Taking Inspiration from Past Works
Leaders of the world today face many types of challenges, such as the ability to resist temptations, and should take inspiration from past qualities of leaders displayed in literature. In The Odyssey, an epic poem by Homer, Odysseus faces obstacles that test his leadership skills on his journey home to Ithaca following the Trojan War. Odysseus develops as a leader by encountering anxiety-filled challenges that exhibit his leadership skills of self-restraint and knowledge of life lessons, many of which can still be applied to readers’ lives today.
Throughout Odysseus’ journey, he faces a variety of different experiences that develop him as a leader. The lessons he learns while at sea will ultimately aid him in killing the suitors and taking control of his home in Ithaca. These lessons act as inspiration for readers’ everyday lives. An important lesson readers take away when reading The Odyssey is that “the gods don’t hand out all their gifts at once, not build and brains and flowing speech to all” (8:193). Odysseus acknowledges this concept when speaking to Broadsea after being accused of not having “skill in any” sports (8:168). Even though Odysseus’ disk ends up flying “away past all the other marks,” (8:223) he reminds readers that nobody is perfect and everybody has their strengths and weaknesses. In addition to this aspect, readers also learn that some things are unavoidable, no matter how many hardships they have faced. The main takeaway from these obstacles is to learn from past experiences and apply them to real-life situations. For example, at the beginning of the epic poem, readers learn the outcome of Odysseus’ journey. Even though he fought hard and long to return home to the people of Ithaca, “the recklessness of their own ways destroyed them all” (1:4-9). Odysseus did all he could to return home and save Ithaca, but the people were already doomed from the start, and he could do nothing to help them. As demonstrated, Odysseus develops as a leader by experiencing a variety of difficult situations while embarking on the hero’s journey. These timeless lessons Odysseus faces apply to social, emotional, and physical problems one might meet today, keeping the continued appeal.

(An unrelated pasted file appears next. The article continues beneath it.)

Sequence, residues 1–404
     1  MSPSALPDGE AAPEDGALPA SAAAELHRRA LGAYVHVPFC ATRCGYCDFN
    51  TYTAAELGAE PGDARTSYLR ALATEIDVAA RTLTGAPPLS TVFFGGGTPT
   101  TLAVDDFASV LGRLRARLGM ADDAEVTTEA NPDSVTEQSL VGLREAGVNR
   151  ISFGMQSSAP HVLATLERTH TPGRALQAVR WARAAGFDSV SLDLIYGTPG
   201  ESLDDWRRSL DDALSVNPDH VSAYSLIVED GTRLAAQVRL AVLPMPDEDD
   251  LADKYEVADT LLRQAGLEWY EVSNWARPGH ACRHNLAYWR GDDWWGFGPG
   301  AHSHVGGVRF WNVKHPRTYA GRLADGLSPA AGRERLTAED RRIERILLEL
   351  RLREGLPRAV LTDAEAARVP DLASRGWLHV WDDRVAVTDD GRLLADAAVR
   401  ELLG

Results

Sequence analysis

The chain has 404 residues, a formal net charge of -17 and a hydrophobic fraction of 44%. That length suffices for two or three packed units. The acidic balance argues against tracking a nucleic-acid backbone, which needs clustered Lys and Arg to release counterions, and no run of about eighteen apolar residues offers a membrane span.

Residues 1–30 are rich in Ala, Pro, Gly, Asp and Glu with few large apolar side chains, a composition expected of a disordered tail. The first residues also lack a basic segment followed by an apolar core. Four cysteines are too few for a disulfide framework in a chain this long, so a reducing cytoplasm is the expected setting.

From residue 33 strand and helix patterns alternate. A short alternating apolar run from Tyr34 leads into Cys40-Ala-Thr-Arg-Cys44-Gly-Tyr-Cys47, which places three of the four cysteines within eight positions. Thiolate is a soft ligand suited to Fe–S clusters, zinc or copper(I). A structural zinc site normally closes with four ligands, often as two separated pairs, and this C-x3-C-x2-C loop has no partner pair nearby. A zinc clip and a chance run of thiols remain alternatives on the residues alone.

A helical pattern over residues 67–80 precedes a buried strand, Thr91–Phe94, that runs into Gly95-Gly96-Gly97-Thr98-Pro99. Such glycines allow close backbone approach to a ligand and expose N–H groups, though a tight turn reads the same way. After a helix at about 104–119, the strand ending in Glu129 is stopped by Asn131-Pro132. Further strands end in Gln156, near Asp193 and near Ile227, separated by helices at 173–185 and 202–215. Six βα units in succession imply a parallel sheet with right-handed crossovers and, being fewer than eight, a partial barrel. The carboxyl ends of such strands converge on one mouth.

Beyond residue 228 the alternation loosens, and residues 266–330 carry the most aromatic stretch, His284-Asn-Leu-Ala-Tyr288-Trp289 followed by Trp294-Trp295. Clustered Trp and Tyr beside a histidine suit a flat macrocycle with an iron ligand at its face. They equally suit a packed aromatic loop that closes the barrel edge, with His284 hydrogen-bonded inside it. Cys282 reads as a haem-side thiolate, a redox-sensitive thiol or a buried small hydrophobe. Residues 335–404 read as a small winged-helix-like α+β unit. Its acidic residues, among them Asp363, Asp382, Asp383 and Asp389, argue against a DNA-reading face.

One of Odysseus’ most essential leadership traits is self-restraint, which acted in times of crisis. When talking to Circe about the journey home to Ithaca, Odysseus learns of the Sirens, the “creatures who spellbind any man alive, whoever comes their way” (12:44-47). The Sirens are temptresses, and despite being warned of the deadly consequences, they can still be hard to resist. Even though readers do not necessarily face the same challenges Odysseus did, humans constantly face temptations and have to display self-restraint to resist those and complete the task at hand. Another act of self-restraint demonstrated by Odysseus is when he feels the urge to kill all the suitors at once for being disloyal to Penelope and sleeping with the maids. However, Odysseus resists the urge when “he struck his chest and curbed his fighting heart” (20:20). Seeing Odysseus face and overcome these barriers in his journey inspires readers to face their challenges head-on with self-restraint.
Odysseus and his crew face many challenges beyond their control while voyaging home. He uses his intelligence and leadership to guide his men through tough times and his quality of self-resistance comes in handy when being thrust into temptations. Readers take away powerful lessons and leadership traits that can be applied to certain situations that might be uncomfortable. Although The Odyssey is one of the oldest works of Western literature, it keeps its continued appeal based on timeless qualities, like self-restraint, as it is something all humans strive for.